Talk about the production. How complicated was it trying to stitch everything together perfectly?
Choreography was a major challenge. First, we had to plan every movement and action in each square, based on how it related to its surrounding grid. We then created a detailed timeline and animatics of the entire video. We filmed ourselves and made guide movies for the cast to follow. We didn't have a great deal of time for each person, so we needed to give him or her something to practice before we started shooting.

The project took three months total, a time frame that was lengthened by each of us having extremely busy day jobs. The first two months were spent concepting, storyboarding and planning and the last month was spent organizing and filming the cast of over 80 people. It was a complete mission. However, we somehow got there in the end.

It looks like a few BBH people are in there. Was this done mostly in the BBH offices? Who are these people?
Some of the people in the video are our friends from NYC that volunteered to help us re-shoot some of the more complex scenes. It wasn't until long into the process that we'd managed to streamline a lot of our filming. So some of our preliminary cast didn't make the cut due to the fact we'd either gotten very picky about each square or we'd developed a better way to shoot the scene.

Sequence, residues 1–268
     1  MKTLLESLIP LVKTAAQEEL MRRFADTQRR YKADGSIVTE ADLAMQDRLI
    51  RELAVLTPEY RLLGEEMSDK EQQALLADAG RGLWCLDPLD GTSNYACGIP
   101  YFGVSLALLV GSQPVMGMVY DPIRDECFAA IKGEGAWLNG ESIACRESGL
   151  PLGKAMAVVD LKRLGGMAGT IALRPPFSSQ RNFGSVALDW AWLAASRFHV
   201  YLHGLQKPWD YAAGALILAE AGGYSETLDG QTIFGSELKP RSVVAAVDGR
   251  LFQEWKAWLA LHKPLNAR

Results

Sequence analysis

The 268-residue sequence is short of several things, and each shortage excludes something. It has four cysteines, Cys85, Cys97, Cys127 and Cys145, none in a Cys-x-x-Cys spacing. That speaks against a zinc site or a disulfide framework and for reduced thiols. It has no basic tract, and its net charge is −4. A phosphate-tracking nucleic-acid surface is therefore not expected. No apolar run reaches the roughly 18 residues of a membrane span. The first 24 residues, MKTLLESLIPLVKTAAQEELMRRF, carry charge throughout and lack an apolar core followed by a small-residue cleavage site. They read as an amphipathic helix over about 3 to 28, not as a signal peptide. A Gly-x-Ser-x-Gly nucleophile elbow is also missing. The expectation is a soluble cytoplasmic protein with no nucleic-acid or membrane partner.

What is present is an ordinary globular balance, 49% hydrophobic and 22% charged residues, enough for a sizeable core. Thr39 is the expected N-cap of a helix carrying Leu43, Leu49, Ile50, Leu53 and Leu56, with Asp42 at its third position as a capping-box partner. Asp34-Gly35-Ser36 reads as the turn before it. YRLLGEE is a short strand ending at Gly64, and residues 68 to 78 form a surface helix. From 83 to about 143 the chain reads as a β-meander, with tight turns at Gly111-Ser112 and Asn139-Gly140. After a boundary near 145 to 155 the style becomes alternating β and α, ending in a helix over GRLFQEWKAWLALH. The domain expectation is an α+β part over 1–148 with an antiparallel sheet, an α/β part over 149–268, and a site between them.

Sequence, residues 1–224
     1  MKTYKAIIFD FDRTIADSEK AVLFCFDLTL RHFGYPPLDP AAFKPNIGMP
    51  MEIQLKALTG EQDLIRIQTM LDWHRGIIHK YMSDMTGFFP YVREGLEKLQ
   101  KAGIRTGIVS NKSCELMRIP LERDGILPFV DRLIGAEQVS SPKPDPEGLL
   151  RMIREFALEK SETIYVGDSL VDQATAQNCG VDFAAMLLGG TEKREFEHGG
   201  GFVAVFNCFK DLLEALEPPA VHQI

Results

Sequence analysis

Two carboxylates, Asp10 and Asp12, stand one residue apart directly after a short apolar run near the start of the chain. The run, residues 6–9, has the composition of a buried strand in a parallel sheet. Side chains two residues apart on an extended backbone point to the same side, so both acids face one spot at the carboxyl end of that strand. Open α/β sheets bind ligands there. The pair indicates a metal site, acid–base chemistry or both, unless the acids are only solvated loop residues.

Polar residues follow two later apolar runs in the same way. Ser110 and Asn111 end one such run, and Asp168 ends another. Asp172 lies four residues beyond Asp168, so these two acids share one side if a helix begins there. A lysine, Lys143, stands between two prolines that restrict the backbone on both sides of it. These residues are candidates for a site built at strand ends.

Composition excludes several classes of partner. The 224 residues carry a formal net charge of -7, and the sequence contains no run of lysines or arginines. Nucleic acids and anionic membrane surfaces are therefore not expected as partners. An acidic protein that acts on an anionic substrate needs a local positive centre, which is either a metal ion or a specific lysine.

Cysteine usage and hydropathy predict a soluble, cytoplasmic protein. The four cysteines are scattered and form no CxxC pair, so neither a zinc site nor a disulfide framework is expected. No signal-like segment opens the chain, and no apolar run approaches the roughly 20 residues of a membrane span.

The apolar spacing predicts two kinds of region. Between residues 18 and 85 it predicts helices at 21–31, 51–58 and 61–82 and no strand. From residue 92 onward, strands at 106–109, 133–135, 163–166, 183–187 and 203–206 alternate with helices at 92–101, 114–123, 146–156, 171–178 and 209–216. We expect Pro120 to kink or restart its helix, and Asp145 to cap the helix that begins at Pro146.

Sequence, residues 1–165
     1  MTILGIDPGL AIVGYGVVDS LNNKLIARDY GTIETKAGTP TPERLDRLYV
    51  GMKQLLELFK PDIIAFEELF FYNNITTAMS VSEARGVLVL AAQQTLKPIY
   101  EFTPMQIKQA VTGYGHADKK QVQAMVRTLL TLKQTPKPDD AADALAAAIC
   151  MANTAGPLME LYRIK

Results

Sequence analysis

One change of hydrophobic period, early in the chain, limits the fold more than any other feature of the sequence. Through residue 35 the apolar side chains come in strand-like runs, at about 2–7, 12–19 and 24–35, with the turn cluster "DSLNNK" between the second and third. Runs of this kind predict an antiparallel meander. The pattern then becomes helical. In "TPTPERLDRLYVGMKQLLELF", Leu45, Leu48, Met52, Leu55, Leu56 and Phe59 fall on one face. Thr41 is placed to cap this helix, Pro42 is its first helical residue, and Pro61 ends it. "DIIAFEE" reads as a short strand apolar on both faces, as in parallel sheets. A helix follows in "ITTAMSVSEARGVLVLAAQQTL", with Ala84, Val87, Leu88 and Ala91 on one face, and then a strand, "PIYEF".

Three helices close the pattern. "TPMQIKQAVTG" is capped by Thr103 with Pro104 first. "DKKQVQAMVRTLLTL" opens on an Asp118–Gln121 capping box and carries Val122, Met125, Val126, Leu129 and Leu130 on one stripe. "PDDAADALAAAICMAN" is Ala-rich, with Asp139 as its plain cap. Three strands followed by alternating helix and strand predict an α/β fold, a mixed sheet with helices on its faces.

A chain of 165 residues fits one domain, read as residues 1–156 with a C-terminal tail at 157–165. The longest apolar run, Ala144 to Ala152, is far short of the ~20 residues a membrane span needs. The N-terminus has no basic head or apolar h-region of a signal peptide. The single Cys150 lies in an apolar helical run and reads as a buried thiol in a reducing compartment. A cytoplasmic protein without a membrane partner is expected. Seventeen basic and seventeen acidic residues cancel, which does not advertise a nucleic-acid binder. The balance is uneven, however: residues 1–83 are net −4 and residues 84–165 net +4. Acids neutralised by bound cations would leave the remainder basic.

For the most part, we genuinely sourced the majority of our cast from Sour's actual fan base using social network sites. We sent out a message asking fans to volunteer for the new music video on the official site and blogs. Surprisingly, the production was inundated with responses from people all over the world, with the biggest surprise coming from a fan from a small town in Portugal.

We sent out our guide videos to each of them to watch and practice their actions. Then we got onto our webcams and shot them one by one as they danced to the guide video.

We certainly owe our many thanks to the amazing and beautiful cast that donated so much of their own time to the project. Without their effort and enthusiasm the production could never have been what it was.